# Graphical Method Linear Programming

Linear programming problems with two decision variables can be easily solved by graphical method. A problem of three dimensions can also be solved by this method, but their graphical solution becomes complicated.

Don't misconstrue that the graphical method is very important. It provides very little help in handling practical problems.

## Basic Terminology - Graphical Method

### Feasible Region

It is the collection of all feasible solutions. In the following figure, the shaded area represents the feasible region.

### Convex Set

A region or a set R is convex, if for any two points on the set R, the segment connecting those points lies entirely in R. In other words, it is a collection of points such that for any two points on the set, the line joining the points belongs to the set. In the following figure, the line joining P and Q belongs entirely in R.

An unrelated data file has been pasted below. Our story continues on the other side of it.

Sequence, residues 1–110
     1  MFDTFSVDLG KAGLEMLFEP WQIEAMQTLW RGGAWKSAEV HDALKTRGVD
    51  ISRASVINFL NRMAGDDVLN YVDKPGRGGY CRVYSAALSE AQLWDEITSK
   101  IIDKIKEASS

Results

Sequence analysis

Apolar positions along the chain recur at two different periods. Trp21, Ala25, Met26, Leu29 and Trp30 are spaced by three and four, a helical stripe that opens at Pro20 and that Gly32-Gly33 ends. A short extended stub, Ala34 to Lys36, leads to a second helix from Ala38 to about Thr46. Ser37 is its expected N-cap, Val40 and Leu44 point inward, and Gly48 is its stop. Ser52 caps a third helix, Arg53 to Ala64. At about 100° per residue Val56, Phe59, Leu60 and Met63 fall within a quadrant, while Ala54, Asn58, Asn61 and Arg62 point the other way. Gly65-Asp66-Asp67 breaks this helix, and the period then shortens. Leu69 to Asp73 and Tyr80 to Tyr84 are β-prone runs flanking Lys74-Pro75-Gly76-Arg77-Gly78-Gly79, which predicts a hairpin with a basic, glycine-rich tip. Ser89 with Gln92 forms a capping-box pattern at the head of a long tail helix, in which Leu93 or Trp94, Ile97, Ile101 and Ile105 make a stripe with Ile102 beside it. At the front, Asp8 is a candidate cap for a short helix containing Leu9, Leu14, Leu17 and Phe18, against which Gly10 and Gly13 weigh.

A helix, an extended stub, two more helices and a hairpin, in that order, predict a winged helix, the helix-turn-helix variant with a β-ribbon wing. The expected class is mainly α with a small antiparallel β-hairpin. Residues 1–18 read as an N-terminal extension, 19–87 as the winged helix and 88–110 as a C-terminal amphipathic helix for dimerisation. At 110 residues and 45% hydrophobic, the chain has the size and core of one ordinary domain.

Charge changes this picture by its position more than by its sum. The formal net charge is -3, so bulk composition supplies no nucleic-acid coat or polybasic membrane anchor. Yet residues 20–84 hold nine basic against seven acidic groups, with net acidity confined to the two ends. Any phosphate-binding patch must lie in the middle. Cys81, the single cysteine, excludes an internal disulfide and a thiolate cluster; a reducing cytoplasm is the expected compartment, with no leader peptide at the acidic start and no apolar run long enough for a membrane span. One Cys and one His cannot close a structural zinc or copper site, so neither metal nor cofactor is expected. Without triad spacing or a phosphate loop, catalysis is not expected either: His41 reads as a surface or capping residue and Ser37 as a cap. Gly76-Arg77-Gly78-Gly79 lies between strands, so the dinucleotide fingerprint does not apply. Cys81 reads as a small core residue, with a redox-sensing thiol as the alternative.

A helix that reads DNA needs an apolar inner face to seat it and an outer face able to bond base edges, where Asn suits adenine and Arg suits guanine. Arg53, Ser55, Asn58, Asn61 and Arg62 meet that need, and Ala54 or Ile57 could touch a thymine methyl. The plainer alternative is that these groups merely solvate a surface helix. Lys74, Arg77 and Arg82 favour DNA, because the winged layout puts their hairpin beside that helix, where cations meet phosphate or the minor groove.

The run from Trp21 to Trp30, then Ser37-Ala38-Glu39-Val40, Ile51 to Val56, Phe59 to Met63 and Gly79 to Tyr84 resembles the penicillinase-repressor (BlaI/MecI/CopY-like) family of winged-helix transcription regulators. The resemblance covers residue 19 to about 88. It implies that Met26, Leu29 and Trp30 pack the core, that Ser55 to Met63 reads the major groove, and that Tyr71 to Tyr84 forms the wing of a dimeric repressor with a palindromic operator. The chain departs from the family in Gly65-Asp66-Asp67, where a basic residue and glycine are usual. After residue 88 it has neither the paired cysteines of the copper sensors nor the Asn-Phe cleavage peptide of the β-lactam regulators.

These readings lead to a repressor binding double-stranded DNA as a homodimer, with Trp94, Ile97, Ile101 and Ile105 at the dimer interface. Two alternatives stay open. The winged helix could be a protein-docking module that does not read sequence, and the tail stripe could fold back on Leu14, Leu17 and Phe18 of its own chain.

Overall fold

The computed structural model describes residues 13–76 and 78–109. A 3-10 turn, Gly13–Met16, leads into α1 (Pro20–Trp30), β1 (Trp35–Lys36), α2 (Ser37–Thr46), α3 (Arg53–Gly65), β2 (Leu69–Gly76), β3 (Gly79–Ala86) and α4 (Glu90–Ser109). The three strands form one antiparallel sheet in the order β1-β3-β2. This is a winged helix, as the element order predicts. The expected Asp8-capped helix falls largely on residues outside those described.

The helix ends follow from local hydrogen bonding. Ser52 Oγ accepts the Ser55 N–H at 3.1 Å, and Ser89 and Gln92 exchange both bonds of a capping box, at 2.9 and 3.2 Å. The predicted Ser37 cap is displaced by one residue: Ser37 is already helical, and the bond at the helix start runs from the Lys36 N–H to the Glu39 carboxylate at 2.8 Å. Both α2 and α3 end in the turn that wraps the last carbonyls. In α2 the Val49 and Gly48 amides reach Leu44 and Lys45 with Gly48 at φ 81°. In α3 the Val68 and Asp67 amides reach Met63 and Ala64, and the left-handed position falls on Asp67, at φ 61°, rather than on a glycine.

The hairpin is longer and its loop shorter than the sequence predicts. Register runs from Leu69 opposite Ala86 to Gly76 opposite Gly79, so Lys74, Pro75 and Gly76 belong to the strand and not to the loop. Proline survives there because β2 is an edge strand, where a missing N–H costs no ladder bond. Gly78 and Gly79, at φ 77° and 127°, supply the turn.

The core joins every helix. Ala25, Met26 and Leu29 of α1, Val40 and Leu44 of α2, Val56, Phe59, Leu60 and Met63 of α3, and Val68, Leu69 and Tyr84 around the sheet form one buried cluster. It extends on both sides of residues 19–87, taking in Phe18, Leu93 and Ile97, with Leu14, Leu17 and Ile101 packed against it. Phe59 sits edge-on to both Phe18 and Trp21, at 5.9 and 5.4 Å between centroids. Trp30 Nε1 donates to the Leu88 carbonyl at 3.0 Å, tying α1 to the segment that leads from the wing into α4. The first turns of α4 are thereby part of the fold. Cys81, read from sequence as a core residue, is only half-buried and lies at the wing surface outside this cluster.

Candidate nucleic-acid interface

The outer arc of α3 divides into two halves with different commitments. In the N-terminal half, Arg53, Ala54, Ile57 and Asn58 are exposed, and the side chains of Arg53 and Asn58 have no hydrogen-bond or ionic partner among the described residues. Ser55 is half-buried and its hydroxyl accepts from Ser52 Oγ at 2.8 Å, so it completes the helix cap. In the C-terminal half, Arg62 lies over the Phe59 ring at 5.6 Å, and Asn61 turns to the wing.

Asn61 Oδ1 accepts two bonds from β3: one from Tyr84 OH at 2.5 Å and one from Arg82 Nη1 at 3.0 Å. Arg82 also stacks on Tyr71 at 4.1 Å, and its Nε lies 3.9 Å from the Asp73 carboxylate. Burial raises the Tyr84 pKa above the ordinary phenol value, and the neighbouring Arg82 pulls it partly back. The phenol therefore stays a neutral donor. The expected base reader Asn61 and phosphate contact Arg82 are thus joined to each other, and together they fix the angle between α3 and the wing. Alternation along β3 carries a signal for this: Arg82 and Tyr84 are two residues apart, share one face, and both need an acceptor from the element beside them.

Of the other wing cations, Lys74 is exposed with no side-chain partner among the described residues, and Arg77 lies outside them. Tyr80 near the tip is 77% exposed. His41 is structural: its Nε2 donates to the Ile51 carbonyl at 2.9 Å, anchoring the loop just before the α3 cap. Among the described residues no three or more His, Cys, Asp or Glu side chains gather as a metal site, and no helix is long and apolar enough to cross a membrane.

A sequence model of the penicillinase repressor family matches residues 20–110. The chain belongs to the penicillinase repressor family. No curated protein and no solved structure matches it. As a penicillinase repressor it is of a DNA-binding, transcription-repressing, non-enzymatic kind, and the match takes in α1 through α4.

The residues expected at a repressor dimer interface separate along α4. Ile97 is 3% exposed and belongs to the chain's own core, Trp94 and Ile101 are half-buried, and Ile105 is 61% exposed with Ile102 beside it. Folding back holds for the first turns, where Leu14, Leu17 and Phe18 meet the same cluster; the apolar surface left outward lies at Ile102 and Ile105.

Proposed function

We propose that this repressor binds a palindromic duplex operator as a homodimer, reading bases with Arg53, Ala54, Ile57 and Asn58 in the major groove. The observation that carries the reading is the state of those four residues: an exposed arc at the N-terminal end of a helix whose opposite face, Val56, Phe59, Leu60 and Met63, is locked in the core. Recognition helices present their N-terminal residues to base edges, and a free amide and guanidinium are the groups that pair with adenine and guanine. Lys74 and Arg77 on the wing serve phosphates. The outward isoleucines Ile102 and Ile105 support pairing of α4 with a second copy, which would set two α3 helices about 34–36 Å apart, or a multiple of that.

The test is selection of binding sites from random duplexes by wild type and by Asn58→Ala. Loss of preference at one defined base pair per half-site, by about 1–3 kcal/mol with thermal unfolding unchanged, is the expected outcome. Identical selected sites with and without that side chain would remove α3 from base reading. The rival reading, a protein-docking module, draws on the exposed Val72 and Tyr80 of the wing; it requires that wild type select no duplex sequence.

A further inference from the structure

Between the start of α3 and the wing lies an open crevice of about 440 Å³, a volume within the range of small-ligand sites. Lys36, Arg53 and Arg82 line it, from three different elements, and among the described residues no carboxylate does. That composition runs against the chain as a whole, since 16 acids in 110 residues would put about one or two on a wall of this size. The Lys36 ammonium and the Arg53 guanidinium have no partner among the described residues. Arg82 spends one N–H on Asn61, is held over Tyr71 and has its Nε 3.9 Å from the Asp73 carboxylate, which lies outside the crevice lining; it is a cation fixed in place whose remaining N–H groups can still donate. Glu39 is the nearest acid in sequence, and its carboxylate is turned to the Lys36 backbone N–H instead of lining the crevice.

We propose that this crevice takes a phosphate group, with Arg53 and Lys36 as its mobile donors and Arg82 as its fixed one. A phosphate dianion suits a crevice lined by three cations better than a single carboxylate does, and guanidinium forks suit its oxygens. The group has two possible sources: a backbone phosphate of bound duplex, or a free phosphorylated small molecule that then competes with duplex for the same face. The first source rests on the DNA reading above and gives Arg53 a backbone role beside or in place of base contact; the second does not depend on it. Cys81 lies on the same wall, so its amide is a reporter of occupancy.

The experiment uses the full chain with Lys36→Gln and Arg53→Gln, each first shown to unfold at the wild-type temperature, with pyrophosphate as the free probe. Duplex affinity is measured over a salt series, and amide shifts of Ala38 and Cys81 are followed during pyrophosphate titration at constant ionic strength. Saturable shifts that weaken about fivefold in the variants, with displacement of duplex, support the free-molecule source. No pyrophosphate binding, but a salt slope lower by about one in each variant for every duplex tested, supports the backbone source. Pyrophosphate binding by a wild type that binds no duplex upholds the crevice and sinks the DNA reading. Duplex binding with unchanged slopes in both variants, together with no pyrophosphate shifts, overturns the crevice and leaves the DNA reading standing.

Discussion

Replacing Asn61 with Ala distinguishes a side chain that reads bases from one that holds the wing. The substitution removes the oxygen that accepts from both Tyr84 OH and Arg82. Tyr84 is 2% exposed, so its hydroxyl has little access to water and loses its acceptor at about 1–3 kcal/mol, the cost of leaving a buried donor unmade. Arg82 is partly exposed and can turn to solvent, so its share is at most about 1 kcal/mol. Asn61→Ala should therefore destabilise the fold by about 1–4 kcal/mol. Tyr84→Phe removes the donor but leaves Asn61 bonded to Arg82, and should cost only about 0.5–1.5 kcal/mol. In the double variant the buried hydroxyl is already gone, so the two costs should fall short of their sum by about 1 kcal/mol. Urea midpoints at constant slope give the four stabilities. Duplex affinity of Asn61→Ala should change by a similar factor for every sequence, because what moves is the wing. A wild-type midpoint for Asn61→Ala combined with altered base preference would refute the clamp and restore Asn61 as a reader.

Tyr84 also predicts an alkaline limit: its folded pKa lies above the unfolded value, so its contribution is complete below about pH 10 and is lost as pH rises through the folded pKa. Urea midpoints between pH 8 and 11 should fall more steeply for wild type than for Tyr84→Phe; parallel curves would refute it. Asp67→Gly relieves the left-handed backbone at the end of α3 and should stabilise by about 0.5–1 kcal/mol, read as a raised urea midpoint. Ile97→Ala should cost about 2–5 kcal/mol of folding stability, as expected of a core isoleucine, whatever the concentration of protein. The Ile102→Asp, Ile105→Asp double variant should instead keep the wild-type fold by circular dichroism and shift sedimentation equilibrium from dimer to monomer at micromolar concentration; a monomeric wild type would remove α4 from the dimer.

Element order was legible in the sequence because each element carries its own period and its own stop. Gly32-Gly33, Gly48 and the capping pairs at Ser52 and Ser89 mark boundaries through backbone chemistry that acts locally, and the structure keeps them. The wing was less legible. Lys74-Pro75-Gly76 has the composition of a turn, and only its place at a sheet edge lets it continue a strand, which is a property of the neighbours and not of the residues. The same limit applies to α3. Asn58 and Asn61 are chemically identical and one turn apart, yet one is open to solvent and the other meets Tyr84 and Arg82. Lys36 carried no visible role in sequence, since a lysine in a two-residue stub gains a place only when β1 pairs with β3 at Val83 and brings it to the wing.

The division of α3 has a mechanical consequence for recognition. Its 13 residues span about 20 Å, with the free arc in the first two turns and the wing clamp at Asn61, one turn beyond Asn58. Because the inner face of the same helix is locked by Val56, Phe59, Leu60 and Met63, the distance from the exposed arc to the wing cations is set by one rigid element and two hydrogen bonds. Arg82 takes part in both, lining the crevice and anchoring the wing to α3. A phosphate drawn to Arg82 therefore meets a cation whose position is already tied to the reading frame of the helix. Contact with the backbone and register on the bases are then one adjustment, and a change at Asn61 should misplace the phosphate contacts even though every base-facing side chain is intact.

Thus, the collection of feasible solutions in a linear programming problem form a convex set.

### Redundant Constraint

It is a constraint that does not affect the feasible region.

Example: Consider the linear programming problem:

Maximize 1170 x1 + 1110x2

subject to

9x1 + 5x2 ≥ 500
7x1 + 9x2 ≥ 300
5x1 + 3x2 ≤ 1500
7x1 + 9x2 ≤ 1900
2x1 + 4x2 ≤ 1000

x1, x2 ≥ 0

The feasible region is indicated in the following figure:

The critical region has been formed by the two constraints.

9x1 + 5x2 ≥ 500
7x1 + 9x2 ≤ 1900

x1, x2 ≥ 0

The remaining three constraints are not affecting the feasible region in any manner. Such constraints are called redundant constraints.

### Extreme Point

Extreme points are referred to as vertices or corner points. In the following figure, P, Q, R and S are extreme points.

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